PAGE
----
Rebecca and her son at a check-up at a CARE supported health facility in the Pariang-Ruweng Administration Area of South Sudan. Mike Benjamin/CARE
By Robinah Baseka, CARE South Sudan
South Sudan has one of the weakest health systems globally, especially in terms of access to sexual and reproductive health services. Maternal and neonatal health services remain a challenge for many women, with around 70% of the population living at least five kilometers from health facilities. The country has the highest maternal mortality rates of 789 per 100,000 live births, and neonatal and under-five mortality rates of 39.3 and 99.2, per 1000 live births respectively.
When 37-year-old Rebecca Nyayuol arrived at Pariang hospital in February 2021 she was filled with anxiety. She was three months pregnant, and although she looked healthy, Rebecca had already gone through the traumatic experience of miscarriage not once, but five times.
“Before coming to Pariang Hospital, I had lost five pregnancies at five months. During my fifth pregnancy, I used to feel pain in the back before losing the baby. I felt bad. Even with my current baby whenever I felt the pain, I thought I would lose the baby,” says Rebecca.
But unlike her previous pregnancies, this time Rebecca was able to receive the vital ante-natal support she needed at a CARE-supported health facility. During her visit, a scan was done showing Rebecca had a serious cervical weakness and needed a simple but critical surgical procedure known as cervical cerclage or a cervical stitch to fix it. This was successfully performed by head surgeon Dr. Mike Benjamin at Pariang hospital, and five months later Rebecca gave birth to a healthy baby boy. The simple stitch not only saved the life of her unborn child but also ended years of traumatic miscarriages.Dr. Mike, Rebecca, and her son during a routine check-up at Boma Hospital in South Sudan. Mike Benjamin/CARE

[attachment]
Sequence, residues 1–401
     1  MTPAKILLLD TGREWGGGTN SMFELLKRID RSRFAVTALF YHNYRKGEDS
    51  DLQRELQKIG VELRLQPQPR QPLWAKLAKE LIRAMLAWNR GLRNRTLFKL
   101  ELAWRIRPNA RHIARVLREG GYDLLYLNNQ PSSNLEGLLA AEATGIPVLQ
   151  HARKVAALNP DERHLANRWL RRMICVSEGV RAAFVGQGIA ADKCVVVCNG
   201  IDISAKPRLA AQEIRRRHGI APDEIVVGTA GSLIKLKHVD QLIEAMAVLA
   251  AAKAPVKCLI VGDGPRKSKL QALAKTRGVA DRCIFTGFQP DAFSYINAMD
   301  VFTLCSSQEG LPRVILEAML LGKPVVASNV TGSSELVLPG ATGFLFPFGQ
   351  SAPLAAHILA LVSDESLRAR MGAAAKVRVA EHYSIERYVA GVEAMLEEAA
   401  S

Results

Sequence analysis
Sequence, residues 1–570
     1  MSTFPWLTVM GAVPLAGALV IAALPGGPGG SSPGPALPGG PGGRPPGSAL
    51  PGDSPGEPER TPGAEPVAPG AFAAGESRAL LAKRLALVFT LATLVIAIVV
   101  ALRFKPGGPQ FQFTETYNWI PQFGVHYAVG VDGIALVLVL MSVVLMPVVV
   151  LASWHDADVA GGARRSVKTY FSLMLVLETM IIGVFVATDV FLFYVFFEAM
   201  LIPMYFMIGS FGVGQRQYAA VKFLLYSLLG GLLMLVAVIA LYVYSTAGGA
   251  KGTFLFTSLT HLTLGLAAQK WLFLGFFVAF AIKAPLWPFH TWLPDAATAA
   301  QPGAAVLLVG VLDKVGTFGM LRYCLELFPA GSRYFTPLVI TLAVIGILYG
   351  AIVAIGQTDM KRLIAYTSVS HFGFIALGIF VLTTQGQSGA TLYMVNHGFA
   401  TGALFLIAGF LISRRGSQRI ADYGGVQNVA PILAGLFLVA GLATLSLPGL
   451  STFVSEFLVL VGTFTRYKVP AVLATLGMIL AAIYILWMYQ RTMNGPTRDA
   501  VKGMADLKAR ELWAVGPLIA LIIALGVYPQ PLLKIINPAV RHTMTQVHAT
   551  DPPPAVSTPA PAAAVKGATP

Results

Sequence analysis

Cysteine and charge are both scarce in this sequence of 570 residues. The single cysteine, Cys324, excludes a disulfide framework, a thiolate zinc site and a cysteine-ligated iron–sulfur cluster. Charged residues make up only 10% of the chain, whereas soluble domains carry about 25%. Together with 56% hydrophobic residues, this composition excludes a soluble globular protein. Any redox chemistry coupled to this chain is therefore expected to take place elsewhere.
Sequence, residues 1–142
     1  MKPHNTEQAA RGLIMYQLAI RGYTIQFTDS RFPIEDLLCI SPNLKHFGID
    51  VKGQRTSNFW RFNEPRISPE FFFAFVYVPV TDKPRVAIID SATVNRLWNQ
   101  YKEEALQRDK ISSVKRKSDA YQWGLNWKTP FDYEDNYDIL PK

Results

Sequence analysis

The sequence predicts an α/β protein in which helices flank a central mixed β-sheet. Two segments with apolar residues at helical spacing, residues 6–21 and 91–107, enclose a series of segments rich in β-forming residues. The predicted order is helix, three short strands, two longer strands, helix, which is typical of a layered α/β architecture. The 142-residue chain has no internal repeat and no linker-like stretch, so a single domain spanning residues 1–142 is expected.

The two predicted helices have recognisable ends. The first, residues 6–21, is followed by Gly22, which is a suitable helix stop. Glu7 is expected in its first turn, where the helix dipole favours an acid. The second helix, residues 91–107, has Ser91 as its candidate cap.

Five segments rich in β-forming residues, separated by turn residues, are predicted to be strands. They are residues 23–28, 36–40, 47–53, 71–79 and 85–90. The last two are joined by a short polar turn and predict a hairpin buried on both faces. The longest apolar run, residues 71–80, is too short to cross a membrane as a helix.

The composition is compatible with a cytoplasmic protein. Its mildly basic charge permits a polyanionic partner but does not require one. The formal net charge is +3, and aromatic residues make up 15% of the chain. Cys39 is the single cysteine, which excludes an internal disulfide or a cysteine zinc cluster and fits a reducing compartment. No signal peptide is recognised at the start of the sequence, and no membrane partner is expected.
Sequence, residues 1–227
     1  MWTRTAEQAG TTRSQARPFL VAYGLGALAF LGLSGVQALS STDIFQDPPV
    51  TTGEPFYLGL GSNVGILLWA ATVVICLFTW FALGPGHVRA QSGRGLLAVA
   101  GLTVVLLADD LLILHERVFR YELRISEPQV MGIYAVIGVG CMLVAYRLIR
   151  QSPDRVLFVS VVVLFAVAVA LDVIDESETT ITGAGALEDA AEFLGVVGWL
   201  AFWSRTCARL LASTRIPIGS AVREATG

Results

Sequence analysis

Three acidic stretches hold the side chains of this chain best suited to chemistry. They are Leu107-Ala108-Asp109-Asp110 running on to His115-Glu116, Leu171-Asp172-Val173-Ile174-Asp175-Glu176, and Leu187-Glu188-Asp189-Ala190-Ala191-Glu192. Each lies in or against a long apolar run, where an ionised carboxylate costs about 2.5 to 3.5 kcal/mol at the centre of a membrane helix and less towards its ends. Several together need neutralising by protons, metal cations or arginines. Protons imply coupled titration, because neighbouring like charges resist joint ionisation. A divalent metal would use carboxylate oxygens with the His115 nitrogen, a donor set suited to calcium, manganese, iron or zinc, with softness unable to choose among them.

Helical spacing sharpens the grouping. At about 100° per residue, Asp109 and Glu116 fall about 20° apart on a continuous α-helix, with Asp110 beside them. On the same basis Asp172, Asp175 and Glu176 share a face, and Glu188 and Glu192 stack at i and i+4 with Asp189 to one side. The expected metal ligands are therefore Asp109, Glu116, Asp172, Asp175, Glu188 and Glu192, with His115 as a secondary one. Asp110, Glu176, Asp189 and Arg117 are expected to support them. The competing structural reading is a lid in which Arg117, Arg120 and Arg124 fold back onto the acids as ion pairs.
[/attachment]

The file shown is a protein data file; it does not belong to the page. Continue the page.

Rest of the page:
“After delivering my baby I was the happiest, everybody at home was filled with joy including my husband. My baby is well and healthy, thanks to Dr. Mike, the hospital team, and CARE.”
Despite the huge challenges, CARE with support from partners, is delivering life-saving health care services to some of South Sudan’s most remote communities. From 2021 to June 2022, CARE South Sudan’s Health and Nutrition programming has reached over 1.2 million people across the country. In Ruweng Administrative Area, CARE supports seven health facilities across Pariang and Yida Counties on the Sudan-South Sudan border to ensure refugees and the host communities at the nearby camps and settlements have access to health services. The hospital serves as a referral center providing specialized medical support including surgical and obstetrical operations, as well as a full package of reproductive health services such as antenatal care, antiretrovirals, and prevention of mother to child transmission of HIV, deliveries, and family planning services.